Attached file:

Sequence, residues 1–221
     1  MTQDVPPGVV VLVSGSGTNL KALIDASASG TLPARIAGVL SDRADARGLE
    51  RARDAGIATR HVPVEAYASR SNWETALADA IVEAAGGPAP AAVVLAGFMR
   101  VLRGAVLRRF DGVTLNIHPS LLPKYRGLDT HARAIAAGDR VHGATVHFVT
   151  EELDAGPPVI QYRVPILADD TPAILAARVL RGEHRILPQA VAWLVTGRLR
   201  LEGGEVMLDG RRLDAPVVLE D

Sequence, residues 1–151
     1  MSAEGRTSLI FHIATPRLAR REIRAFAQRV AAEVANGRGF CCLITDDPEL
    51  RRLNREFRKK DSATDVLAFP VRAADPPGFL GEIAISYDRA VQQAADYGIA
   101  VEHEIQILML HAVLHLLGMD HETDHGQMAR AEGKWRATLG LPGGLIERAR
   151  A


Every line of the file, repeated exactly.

Sequence, residues 1–221
     1  MTQDVPPGVV VLVSGSGTNL KALIDASASG TLPARIAGVL SDRADARGLE
    51  RARDAGIATR HVPVEAYASR SNWETALADA IVEAAGGPAP AAVVLAGFMR
   101  VLRGAVLRRF DGVTLNIHPS LLPKYRGLDT HARAIAAGDR VHGATVHFVT
   151  EELDAGPPVI QYRVPILADD TPAILAARVL RGEHRILPQA VAWLVTGRLR
   201  LEGGEVMLDG RRLDAPVVLE D

Sequence, residues 1–151
     1  MSAEGRTSLI FHIATPRLAR REIRAFAQRV AAEVANGRGF CCLITDDPEL
    51  RRLNREFRKK DSATDVLAFP VRAADPPGFL GEIAISYDRA VQQAADYGIA
   101  VEHEIQILML HAVLHLLGMD HETDHGQMAR AEGKWRATLG LPGGLIERAR
   151  A